Ergotamines and Beta-blockers: Theory of Vasodilation
For a long time, people thought that problems with the blood vessels in the brain caused migraine. The theory was that blood vessels in the brain stretched and widened, causing pain. A drug that could constrict (narrow) the blood vessels might help. This has been called the “vascular theory of migraine.”
Migraine's connection to blood vessels
In 1938, a doctor named Harold Wolff did an experiment to test this theory. He compared headache intensity with throbbing in the arteries. He treated patients in his study with ergotamine. Ergotamine constricts the blood vessels. He showed that as the throbbing went down, so did the headache pain.1
Today, we believe there is more to the story than overexcited blood vessels. But for years, migraine was treated using drugs that affected blood flow in the brain.
Ergotamine: Acute treatment (1930s to 1990s)
Ergotamine was a relatively new drug when Dr. Wolff started his experiments. It had been studied in France in 1928 and then was brought to the United States.2 Doctors were studying it as a treatment for all kinds of conditions.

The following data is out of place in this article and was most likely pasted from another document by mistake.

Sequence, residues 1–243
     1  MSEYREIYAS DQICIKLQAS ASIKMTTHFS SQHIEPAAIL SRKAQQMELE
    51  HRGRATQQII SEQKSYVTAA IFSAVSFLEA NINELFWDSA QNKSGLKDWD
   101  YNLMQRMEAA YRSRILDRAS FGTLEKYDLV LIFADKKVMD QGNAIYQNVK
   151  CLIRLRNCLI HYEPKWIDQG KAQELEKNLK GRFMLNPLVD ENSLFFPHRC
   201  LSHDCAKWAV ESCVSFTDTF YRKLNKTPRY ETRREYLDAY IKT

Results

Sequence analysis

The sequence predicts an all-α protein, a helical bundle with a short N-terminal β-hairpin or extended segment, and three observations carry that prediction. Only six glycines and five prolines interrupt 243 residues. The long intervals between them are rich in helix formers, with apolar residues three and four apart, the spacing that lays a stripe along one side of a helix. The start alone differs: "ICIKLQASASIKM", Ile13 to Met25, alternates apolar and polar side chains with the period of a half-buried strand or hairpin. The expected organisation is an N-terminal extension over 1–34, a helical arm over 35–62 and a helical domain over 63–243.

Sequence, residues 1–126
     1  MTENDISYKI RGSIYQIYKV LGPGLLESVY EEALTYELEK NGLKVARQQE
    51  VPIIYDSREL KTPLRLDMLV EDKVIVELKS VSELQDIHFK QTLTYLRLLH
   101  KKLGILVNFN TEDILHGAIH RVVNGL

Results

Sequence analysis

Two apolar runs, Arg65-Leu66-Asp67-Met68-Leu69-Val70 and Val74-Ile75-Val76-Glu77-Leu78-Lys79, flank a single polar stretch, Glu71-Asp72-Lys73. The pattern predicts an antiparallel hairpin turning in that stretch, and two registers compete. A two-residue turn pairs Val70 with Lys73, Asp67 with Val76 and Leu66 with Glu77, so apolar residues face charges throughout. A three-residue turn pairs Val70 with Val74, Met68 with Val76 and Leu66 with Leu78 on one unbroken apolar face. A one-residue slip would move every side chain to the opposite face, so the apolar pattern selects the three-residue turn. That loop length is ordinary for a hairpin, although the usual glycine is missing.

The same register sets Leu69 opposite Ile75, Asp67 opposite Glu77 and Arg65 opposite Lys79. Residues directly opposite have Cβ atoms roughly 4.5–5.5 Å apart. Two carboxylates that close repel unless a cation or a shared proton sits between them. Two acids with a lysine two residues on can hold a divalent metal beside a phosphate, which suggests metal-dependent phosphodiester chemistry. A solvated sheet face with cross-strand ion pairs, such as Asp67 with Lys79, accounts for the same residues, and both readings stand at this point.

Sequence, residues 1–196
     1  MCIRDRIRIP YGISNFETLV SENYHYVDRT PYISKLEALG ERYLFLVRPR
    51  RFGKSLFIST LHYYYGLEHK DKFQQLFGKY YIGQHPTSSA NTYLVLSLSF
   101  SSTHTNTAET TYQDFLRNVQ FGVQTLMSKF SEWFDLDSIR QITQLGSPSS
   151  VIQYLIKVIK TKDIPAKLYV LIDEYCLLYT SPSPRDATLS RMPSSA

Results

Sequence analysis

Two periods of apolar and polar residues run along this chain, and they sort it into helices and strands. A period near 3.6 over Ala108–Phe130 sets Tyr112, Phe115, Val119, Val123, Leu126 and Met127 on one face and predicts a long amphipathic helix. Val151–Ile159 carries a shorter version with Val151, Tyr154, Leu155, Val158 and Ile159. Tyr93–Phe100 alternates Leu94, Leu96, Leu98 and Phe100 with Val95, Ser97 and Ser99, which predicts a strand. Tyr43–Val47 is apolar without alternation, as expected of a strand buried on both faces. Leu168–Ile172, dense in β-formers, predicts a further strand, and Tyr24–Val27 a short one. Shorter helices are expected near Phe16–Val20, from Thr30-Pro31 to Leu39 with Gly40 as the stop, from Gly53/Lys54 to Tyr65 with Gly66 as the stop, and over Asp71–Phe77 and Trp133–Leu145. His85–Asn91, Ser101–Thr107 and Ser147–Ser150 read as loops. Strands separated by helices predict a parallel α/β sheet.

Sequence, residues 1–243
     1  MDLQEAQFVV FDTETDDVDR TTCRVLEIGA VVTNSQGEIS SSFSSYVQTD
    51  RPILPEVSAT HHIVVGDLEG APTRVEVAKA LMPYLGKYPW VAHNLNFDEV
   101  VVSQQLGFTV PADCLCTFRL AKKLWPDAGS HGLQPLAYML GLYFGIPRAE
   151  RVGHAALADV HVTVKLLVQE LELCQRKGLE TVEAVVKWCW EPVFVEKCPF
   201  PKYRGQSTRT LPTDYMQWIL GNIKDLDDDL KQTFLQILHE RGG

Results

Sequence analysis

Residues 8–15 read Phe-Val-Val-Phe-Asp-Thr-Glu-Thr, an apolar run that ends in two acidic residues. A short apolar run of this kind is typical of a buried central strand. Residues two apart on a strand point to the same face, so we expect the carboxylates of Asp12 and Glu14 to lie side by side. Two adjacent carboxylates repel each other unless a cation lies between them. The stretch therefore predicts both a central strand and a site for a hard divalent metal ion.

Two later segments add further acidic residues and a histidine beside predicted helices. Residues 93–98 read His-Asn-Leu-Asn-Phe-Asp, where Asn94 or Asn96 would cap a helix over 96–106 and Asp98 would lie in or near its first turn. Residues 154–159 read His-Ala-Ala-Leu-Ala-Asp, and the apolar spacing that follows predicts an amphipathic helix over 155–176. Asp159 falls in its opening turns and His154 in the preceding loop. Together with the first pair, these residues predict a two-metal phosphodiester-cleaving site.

Trials at the time were small and not very rigorous. One doctor studied 45 patients with migraine, another studied nine. One large study included 109 migraineurs.2 None of them had a placebo group for comparison. Ergotamine seemed to help most of the patients most of the time. It became a standard acute (or abortive) treatment for migraine.2Ergotamine is still used today in some circumstances. It is less popular now that triptans are available.
DHE (dihydroergotamine) is related to ergotamine. It was introduced in 1943 and has also been used to treat migraine since then.2
Unfortunately, ergotamine and DHE have unpleasant side effects. Nausea and vomiting are common.3 Some people experience leg weakness, muscle pain, numbness, and tingling in the fingers and toes.3 It can cause uterine contractions and affects the blood vessels of the heart. Ergotamine can cause medication overuse headache. There was a clear need for effective acute treatment with fewer side effects.
Beta-blockers: Preventive treatment (1960s onward)
In the 1960s, doctors started using beta-blockers for the preventive treatment of chronic migraine.4 Beta-blockers are heart drugs, but doctors noticed they were also useful for preventing migraines. They believed that the beta-blockers worked because of their effect on blood flow in the brain.4 It still is not entirely clear why these medications help to prevent migraine.
Beta-blockers are still used in some patients today. The three beta-blockers with the most evidence for preventing migraine are:5
- Metoprolol (Lopressor®, Toprol® XL)
- Propranolol (Inderal® LA, Inderal® XL, InnoPran® XL)
Read more on the history of migraine treatments in this article.
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